A worldwide survey of 3,000 employees by consultancy Right Management in 2009 showed people were 1.5 times more likely to stay for at least five years if they thought their organisation cared about their health and wellbeing.
Right Management’s organisational effectiveness survey showed an organisation is four times more likely to lose talent in the next year if its staff take an unfavourable view of the employer’s attitude to wellbeing.
“At the moment, a lot of people are staying put because of external economic factors. As soon as the upturn takes off, there is going to be rapid turnover. Companies that can put in place now steps and strategies for workplace wellness are going to keep their talent,” says Alistair Dornan, head of wellness and productivity management at Right Management.
Worse still, the most engaged and talented performers may be the ones most likely to leave. Research based on consultancy Towers Watson’s Global Workforce Study of 2007-08 showed high employee engagement does not necessarily equate with high staff retention. Employees with ‘unstable engagement’ – where their effort is not sustainable and having a negative impact on their wellbeing – are most likely to leave when the jobs market picks up.
Employers will be debating these issues in May at the Work and Health Summit, organised by the corporate responsibility body Business in the Community (BITC).
BITC’s Business Action on Health model is based on evidence from business leaders, and is focused on four principles: better physical and psychological health; better work meaning a happy and engaging work environment; better relationships; and better specialist support.
“The relationship between wellbeing and engagement is mutually reinforcing in fostering sustainable performance,” says Louise Aston, national director of BITC’s Business Action on Health campaign. “When this virtuous circle is broken, high performance becomes unsustainable and, as a result, productivity declines.”
The evidence shows employers still have a long way to go in linking wellbeing to engagement or in achieving employee engagement at all. A survey of 300 managers by Right Management in February showed only 18% of organisations use employee engagement strategies to a great extent, and 63% to a fair extent. Almost half (44%) said employee engagement was decreasing during the recession.
Managers understand the benefits of an engaged workforce, with 60% believing this significantly affects an organisation’s performance, and 73% believing health and wellness have a direct impact on employees’ levels of engagement. But managers are complacent about the level of engagement within their own teams, with most thinking they are less affected than the organisation as a whole.
Less than half of companies promote health and wellbeing in the workplace, and fewer see it as a strategic tool that can improve company performance, the research shows. The answer is to redefine what is meant by ‘wellbeing’, says Dornan.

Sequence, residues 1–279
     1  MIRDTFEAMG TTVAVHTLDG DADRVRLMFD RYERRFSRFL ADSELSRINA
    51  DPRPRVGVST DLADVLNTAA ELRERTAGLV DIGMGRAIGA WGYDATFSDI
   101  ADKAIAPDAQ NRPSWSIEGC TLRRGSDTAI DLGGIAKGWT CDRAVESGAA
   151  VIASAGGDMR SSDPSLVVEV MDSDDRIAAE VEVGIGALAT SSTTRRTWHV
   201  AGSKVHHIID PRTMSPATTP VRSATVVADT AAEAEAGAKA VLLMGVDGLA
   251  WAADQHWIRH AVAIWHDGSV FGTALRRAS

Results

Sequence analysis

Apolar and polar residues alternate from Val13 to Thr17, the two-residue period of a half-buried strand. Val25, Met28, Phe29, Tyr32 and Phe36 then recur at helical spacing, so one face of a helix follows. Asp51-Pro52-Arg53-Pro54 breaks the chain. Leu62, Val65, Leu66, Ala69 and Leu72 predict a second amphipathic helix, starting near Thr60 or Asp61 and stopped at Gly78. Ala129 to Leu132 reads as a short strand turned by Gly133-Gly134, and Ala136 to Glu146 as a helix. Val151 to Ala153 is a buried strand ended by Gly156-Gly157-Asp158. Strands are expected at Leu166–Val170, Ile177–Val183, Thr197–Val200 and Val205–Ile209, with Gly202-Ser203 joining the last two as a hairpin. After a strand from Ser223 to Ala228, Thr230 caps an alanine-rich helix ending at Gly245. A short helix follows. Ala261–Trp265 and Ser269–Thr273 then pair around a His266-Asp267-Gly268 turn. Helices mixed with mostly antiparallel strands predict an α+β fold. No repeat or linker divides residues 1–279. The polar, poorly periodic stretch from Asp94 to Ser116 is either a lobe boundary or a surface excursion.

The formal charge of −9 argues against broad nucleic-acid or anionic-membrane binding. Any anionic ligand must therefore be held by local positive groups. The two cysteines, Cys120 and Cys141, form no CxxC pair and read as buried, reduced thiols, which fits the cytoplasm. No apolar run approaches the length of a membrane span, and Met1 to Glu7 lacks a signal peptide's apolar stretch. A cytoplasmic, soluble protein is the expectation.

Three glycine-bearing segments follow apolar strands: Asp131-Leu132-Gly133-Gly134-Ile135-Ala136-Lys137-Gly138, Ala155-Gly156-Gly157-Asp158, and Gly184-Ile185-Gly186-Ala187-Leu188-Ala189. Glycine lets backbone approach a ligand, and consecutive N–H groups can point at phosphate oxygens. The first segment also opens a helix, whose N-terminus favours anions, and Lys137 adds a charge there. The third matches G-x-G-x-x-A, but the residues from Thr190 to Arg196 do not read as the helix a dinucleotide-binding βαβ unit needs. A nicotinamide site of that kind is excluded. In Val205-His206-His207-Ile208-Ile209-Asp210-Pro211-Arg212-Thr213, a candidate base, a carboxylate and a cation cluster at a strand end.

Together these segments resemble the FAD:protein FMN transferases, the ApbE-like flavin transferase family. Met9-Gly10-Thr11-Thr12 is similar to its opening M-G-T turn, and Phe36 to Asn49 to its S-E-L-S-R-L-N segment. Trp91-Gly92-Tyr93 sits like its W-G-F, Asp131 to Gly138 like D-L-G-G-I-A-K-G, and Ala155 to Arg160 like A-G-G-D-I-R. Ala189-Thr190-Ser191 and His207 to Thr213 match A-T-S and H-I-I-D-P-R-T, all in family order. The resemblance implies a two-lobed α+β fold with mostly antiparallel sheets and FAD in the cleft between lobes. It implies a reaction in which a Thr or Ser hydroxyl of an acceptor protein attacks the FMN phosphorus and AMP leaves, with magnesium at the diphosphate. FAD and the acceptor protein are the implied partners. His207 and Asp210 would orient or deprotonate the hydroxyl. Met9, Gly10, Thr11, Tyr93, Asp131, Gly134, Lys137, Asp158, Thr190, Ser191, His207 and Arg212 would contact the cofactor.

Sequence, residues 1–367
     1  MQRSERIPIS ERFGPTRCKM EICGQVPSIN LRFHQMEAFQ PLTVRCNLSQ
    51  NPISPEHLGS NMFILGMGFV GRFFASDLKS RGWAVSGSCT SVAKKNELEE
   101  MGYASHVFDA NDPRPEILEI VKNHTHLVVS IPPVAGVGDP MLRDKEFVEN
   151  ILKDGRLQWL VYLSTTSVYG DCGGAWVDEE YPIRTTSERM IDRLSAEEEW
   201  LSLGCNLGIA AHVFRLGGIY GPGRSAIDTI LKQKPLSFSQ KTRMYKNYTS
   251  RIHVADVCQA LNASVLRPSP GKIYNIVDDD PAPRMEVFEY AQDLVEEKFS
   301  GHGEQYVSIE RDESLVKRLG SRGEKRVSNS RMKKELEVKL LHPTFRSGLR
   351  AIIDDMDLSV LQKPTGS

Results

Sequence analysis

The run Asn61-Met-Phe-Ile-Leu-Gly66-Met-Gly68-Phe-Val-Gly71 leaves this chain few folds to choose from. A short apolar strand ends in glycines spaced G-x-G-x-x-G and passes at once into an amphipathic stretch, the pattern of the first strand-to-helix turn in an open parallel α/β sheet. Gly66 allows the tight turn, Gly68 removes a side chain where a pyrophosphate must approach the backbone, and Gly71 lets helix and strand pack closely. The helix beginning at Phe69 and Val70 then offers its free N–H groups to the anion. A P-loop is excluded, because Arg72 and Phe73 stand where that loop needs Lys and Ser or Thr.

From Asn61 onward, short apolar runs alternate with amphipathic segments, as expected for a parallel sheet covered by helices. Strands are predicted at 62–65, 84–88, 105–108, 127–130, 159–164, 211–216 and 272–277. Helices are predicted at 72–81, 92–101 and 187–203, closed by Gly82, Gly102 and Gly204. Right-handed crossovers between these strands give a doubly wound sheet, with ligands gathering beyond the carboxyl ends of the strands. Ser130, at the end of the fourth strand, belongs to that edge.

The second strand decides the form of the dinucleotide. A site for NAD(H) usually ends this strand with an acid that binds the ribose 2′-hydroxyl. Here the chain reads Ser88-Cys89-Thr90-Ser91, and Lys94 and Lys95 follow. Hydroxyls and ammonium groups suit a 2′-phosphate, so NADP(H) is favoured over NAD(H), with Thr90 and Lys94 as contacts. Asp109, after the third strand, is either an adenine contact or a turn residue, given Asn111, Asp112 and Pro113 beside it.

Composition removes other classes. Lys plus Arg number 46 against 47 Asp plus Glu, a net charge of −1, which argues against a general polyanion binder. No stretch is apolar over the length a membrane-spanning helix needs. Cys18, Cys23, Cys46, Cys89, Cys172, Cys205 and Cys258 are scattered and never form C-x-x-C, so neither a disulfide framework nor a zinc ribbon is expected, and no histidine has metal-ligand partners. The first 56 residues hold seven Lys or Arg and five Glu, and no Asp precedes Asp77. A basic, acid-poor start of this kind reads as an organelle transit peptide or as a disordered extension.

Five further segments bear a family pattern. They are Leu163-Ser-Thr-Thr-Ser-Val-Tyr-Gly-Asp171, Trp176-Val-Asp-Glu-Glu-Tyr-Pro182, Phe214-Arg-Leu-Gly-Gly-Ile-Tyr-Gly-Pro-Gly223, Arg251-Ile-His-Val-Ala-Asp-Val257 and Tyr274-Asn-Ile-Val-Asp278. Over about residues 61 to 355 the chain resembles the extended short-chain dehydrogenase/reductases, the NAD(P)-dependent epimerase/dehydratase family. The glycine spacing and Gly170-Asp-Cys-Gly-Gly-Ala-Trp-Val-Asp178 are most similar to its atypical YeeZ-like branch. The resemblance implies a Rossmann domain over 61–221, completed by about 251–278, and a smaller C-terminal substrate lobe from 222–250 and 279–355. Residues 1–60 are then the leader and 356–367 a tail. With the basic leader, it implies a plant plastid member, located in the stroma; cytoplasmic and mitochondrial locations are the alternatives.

“Organisations at strategic level don’t understand what wellbeing is all about,” he says. “Their assumption is that it means mung beans, gym membership, health days and fruit on Friday. The wellbeing agenda ends up with junior or disempowered members of the HR team with no budget or strategic link with the organisation. Then when the organisation looks at the key performance indicators a year later, it’s no wonder they cannot see links between wellbeing initiatives and employee engagement and performance. There’s that complete organisational disconnect.”
The solution is to take a systems-wide approach and link wellbeing to strategy, says Dornan, who presented the evidence to the independent World Economic Forum last month.
All the experts agree senior management commitment is essential. Charles Fair, senior consultant at Towers Watson, says employee wellbeing should be reflected in a company’s employee benefits, training and development, work-life balance policy and the way managers interact with employees.
A company’s culture must change so that line managers recognise “pressure points” and act when high performers are at risk of leaving, says Fair. At the same time, they must address presenteeism, when disengaged staff hang on to their jobs without making any discretionary effort.
“It’s about having the right culture where you can have a discussion about it,” Fair says. “I’ve seen City institutions where talking about life outside work is taboo. Most of the problems are down to life outside work and non-work-related things.”
The benefits of linking wellbeing and engagement are clear. Right Management’s research shows that when wellness is actively promoted, employees perceive that organisational performance increases 2.5 times, and employee engagement nearly eight times.
11 May 2010 – Kings Fund, central London
Sickness absence costs UK employers £8.4bn a year, but £15.1bn a year is lost through reduced productivity at work (presenteeism). Presenteeism accounts for 1.5 times as much working time lost as absenteeism.
Organised by employers for employers, this one-day conference is focusing on practical solutions for building employee wellbeing and engagement to maximise the productivity of your organisation.
For more information, call Sarah Barnes on 020 8652 3233 or e-mail firstname.lastname@example.org
The summit is sponsored by the Food and Drink Federation and the National Business Travel Network.